Mutations in the presenilin-1 (PS1) gene underlie the most common form of familial dementia of the Alzheimer type (DAT). We demonstrated previously that the expression of PS1 with a M146V mutation in transgenic mice potentiates glutamate toxicity to neurons, due to an altered calcium homeostasis. Here, using a subtractive cDNA library approach, we report the identification of several genes, the altered expression of which may be associated with this unique PS1-related vulnerability to glutamate. The identified genes, including chaperonin subunit 2 and nucleophosmin 1/B23, are involved in the intracellular trafficking of proteins and ions. Northern blot analysis revealed that the effect of glutamate on calcium-binding proteins was augmented in neurons from PS1 mutation mice, compared with neurons from mice lacking other genes relevant to the pathogenesis of DAT (FE65 and APOE) or neurons from control wild-type mice. Interestingly, mRNA for two chaperone proteins were expressed at lower levels specifically in neurons from PS1 mutant mice. These findings suggest that PS1 mutations may, in part, contribute to the development of DAT via altered expression of chaperone proteins.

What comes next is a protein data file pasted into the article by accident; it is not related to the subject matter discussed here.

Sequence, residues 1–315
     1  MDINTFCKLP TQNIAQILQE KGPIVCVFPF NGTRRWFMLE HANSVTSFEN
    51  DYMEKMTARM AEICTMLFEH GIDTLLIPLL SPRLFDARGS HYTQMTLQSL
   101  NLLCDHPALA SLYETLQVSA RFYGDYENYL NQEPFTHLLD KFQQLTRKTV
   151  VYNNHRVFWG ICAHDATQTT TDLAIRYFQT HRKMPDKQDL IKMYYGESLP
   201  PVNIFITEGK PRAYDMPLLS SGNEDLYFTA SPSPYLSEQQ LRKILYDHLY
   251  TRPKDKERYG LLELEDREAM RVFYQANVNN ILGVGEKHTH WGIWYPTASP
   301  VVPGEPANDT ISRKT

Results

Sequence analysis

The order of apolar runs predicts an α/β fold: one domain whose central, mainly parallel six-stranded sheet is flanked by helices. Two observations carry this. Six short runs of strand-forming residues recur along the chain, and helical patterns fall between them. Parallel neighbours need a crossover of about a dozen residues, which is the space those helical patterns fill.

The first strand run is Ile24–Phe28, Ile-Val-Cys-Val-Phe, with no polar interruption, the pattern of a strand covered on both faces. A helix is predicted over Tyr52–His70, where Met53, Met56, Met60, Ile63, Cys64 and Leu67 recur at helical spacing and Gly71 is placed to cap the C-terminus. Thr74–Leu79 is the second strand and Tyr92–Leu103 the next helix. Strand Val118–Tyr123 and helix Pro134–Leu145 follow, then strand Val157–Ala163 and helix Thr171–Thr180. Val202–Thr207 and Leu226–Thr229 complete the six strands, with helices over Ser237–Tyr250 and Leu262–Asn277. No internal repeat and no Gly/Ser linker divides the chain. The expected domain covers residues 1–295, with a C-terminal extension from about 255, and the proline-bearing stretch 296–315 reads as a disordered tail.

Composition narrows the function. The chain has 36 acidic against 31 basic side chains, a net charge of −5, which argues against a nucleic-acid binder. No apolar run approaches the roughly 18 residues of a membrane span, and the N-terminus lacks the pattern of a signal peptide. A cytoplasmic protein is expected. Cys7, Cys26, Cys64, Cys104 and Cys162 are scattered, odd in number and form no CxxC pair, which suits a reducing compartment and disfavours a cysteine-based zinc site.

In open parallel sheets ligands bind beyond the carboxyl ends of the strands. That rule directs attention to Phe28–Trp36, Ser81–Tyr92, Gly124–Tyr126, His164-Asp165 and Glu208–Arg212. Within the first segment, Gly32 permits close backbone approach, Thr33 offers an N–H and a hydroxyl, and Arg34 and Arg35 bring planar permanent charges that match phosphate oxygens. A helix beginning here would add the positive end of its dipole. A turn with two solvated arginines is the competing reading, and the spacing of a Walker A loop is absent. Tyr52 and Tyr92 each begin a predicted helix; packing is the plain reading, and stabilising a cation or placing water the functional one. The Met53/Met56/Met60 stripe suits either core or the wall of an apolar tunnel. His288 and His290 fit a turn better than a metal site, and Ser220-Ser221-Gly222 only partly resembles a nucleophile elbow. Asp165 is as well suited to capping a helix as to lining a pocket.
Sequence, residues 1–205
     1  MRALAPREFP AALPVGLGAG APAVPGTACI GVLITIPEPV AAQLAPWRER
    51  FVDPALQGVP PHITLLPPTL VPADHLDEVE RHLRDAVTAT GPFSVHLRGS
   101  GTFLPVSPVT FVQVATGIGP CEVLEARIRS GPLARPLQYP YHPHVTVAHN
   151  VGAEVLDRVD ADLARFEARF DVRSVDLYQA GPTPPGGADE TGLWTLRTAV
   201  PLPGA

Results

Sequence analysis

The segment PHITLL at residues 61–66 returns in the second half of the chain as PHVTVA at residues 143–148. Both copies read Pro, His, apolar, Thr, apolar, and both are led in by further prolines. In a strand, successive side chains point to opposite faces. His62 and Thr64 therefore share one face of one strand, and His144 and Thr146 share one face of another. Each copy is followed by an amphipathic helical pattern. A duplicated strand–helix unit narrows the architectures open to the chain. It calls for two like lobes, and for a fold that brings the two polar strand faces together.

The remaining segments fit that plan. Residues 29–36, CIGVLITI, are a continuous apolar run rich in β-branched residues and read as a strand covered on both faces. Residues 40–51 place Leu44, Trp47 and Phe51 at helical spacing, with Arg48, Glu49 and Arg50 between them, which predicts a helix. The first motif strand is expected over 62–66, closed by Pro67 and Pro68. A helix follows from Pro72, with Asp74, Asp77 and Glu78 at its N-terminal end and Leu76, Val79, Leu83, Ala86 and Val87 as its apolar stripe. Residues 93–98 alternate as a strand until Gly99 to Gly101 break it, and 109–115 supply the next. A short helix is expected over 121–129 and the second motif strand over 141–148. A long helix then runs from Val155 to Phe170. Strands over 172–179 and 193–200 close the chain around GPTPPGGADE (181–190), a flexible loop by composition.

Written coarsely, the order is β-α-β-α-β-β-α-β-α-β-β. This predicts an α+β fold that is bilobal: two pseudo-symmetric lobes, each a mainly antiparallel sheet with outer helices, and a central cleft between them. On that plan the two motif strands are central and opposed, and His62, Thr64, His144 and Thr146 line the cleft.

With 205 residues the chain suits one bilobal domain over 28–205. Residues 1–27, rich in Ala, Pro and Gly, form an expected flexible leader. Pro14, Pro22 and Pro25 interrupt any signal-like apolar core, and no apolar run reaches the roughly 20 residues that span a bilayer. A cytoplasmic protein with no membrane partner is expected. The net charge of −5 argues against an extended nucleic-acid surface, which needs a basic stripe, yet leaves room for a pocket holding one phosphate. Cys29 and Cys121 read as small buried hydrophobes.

- Alzheimer's disease
- Presenilin mutation
ASJC Scopus subject areas
- Pathology and Forensic Medicine